It is undeniable that Russia had a case for ending the anarchic rebellion of the Chechen leader, Dzhokhar Dudayev. The defence of territorial integrity is a principle that all states have an interest in upholding. No Western country and no neighbour of Russia, even states appalled by the Chechen blood bath such as Turkey and Iran, is questioning the point that Chechnya ought to stay part of Russia. But in attempting to restore Russian rule over Chechnya Mr Yeltsin has committed several enormous errors.
Most obviously, he has used excessive force. Many hundreds of civilians have died needlessly in bombing raids and attacks on residential areas of Grozny. This clumsiness has opened up the prospect of a long-term Russian military occupation of Chechnya, and indeed of other parts of the northern Caucasus. A protracted war on its southern borders is the last thing Russia needs, from the point of view both of consolidating internal democracy and economic progress and of maintaining amicable relations with the West and neighbouring countries.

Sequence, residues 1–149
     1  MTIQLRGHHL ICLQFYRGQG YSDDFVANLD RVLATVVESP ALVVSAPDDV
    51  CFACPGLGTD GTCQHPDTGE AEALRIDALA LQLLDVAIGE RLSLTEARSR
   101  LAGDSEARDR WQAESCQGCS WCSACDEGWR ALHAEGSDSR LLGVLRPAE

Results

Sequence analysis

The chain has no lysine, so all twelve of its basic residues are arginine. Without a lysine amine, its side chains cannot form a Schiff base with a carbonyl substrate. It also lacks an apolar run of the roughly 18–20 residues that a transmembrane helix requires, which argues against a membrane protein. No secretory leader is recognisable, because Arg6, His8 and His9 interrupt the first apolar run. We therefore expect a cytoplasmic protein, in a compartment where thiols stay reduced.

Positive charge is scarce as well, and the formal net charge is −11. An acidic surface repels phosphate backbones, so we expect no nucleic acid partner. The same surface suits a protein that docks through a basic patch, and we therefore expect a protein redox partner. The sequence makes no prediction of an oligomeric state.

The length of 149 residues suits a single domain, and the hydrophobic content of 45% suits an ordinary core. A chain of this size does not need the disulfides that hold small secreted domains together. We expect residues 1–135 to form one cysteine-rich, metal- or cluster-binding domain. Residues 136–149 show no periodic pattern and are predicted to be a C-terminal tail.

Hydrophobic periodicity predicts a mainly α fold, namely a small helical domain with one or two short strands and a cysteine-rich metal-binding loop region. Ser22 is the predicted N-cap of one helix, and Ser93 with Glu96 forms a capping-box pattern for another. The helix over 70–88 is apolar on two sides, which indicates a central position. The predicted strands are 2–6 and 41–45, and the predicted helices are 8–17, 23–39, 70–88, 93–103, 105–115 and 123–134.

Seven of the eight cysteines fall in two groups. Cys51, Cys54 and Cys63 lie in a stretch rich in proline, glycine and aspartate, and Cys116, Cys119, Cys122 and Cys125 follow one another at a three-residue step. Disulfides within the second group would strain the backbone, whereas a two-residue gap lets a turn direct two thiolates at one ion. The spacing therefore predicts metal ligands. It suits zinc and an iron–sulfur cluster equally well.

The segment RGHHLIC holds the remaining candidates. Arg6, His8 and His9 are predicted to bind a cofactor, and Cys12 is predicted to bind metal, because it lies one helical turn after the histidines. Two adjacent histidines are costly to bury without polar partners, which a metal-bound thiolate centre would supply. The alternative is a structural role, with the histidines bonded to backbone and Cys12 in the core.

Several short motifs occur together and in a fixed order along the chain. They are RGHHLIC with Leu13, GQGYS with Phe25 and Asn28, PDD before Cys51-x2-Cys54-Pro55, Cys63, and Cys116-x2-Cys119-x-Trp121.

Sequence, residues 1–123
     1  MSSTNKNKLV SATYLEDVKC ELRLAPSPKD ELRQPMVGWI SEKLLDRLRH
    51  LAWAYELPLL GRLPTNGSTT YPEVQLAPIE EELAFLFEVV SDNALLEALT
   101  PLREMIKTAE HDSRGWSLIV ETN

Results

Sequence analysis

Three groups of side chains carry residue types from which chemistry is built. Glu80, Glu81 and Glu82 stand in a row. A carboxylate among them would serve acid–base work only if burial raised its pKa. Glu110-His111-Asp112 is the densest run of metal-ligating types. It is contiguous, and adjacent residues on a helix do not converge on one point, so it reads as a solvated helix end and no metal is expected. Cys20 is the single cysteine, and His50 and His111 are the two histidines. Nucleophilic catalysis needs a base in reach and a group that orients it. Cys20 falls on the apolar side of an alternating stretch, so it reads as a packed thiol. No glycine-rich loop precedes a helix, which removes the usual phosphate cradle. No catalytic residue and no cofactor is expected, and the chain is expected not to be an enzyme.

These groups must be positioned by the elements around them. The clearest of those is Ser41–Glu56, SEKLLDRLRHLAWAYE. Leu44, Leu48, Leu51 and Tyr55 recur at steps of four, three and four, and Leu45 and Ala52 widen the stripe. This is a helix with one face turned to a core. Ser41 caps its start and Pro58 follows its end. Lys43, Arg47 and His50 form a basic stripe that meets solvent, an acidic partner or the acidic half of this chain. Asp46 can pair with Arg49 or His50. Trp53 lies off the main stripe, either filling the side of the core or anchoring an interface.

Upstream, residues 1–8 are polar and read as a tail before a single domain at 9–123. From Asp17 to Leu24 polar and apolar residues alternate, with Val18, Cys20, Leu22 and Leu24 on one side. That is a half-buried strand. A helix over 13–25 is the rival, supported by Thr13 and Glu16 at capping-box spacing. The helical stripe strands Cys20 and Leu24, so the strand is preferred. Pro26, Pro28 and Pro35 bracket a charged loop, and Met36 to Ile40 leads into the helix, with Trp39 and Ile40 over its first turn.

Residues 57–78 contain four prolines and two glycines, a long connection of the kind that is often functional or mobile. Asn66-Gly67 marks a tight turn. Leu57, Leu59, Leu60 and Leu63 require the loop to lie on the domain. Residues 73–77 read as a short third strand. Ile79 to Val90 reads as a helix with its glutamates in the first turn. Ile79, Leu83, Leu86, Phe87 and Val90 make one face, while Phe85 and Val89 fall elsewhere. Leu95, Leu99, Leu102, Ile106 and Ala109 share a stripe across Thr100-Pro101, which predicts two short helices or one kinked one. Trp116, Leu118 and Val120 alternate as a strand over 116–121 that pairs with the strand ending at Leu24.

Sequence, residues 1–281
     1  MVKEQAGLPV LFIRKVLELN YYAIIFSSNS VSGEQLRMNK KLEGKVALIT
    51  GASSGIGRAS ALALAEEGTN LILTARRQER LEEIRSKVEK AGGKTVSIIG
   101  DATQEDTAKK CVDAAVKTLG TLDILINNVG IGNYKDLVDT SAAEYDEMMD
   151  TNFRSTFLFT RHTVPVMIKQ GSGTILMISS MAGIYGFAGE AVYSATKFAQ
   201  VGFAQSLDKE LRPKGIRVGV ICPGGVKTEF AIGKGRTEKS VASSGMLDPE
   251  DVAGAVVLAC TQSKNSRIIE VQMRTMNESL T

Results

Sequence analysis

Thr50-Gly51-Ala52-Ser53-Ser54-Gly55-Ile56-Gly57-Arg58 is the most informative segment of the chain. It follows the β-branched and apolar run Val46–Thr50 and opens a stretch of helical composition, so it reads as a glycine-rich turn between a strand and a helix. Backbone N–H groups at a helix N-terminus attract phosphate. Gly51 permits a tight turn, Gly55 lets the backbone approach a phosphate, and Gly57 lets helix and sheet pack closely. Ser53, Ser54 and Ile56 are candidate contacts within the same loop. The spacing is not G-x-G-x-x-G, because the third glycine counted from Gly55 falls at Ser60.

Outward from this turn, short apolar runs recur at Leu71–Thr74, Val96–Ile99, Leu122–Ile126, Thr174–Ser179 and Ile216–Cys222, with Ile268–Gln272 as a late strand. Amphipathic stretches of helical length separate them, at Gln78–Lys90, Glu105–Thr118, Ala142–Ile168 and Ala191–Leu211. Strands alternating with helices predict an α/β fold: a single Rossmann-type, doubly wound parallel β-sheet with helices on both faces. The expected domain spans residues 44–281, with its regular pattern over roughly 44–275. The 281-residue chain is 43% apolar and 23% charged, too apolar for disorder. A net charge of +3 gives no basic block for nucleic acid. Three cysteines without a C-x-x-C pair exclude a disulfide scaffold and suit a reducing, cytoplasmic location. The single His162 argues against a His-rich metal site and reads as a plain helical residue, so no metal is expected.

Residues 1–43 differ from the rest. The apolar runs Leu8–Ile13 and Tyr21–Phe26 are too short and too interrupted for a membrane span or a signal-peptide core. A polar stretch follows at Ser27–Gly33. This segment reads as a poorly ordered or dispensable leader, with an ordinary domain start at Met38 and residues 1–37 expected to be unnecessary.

Perhaps worst of all, Mr Yeltsin has thrown the future of Russian reform into doubt. Certain elements in the armed forces, security services, and the president's personal entourage now hold the upper hand in policy-making. Although one or two liberals support Mr Yeltsin's war, most have parted company with him in anger and disgust. The Russian public, too, is largely against the war. However, so powerful is the executive presidency created by Mr Yeltsin's constitution last year, there is no way of changing the policy without changing the leader.
Mr Yeltsin's term of office is due to end in June 1996, but it may be that his period as a reformer has already drawn to a close. With good reason, the West once staked much on Mr Yeltsin personally. Now it is time to think of Russia as a whole.Reuse content